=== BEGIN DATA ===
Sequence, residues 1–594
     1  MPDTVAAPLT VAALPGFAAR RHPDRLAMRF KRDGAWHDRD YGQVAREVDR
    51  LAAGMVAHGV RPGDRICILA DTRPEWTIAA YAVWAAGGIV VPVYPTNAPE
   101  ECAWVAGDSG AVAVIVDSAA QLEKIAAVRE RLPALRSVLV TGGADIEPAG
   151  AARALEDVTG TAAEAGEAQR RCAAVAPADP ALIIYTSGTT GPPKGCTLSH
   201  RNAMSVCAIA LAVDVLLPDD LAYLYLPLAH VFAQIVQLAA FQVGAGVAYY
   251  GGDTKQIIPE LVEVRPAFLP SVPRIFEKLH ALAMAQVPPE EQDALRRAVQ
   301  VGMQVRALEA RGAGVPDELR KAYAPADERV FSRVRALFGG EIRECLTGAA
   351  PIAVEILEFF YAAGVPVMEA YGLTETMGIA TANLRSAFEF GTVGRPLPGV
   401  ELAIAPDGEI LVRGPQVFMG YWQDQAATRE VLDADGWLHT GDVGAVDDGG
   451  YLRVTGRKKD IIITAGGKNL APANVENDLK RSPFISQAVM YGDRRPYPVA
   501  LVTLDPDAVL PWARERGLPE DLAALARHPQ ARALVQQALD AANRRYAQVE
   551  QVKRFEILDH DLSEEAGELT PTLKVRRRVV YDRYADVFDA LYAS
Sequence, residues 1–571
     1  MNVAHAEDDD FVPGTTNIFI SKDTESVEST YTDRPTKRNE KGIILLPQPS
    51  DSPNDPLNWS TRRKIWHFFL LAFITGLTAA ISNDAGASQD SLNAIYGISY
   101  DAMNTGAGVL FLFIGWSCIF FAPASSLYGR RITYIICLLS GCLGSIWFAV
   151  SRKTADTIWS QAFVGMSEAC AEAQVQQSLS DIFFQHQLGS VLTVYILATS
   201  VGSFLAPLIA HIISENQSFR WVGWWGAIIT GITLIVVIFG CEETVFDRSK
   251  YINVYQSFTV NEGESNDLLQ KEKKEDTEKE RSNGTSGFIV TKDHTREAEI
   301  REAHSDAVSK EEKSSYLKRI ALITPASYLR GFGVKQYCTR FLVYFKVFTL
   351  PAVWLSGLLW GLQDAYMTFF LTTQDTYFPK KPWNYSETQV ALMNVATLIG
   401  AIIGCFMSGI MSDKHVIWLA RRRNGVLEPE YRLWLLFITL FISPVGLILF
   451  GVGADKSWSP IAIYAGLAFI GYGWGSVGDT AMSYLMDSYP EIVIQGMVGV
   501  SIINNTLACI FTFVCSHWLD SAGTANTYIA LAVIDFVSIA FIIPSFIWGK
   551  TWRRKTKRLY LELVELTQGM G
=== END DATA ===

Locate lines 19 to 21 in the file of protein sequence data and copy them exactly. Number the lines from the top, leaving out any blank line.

   201  VGSFLAPLIA HIISENQSFR WVGWWGAIIT GITLIVVIFG CEETVFDRSK
   251  YINVYQSFTV NEGESNDLLQ KEKKEDTEKE RSNGTSGFIV TKDHTREAEI
   301  REAHSDAVSK EEKSSYLKRI ALITPASYLR GFGVKQYCTR FLVYFKVFTL